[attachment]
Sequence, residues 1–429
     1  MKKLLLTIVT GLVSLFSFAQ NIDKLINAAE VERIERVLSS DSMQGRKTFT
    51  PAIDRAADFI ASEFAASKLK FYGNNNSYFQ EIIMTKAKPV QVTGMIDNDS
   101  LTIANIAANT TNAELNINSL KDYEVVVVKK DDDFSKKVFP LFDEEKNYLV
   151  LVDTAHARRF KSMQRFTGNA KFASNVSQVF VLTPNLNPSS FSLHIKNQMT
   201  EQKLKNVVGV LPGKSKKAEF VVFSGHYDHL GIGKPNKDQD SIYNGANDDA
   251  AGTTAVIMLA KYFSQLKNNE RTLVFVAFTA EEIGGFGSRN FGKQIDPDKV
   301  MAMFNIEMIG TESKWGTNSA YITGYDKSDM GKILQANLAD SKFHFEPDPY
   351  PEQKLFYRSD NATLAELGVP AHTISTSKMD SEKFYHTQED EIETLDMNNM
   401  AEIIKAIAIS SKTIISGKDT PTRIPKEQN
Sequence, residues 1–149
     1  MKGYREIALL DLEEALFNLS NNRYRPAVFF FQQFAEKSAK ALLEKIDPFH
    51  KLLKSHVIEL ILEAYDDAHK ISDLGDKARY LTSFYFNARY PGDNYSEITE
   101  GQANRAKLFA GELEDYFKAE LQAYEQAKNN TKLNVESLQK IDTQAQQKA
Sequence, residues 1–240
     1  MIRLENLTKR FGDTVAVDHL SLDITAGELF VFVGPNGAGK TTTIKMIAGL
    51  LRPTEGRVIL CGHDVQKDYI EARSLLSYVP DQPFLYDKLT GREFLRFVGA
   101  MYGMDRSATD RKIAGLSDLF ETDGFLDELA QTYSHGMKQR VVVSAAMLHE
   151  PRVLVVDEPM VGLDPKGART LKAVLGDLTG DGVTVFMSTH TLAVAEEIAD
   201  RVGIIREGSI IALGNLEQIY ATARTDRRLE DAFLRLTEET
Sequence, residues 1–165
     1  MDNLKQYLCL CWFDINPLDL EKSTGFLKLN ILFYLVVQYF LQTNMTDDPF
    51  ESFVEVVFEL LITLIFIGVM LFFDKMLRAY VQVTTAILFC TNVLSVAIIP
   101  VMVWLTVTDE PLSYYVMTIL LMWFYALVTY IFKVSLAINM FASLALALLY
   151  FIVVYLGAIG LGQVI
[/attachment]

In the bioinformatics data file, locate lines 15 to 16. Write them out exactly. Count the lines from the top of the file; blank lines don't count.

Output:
Sequence, residues 1–240
     1  MIRLENLTKR FGDTVAVDHL SLDITAGELF VFVGPNGAGK TTTIKMIAGL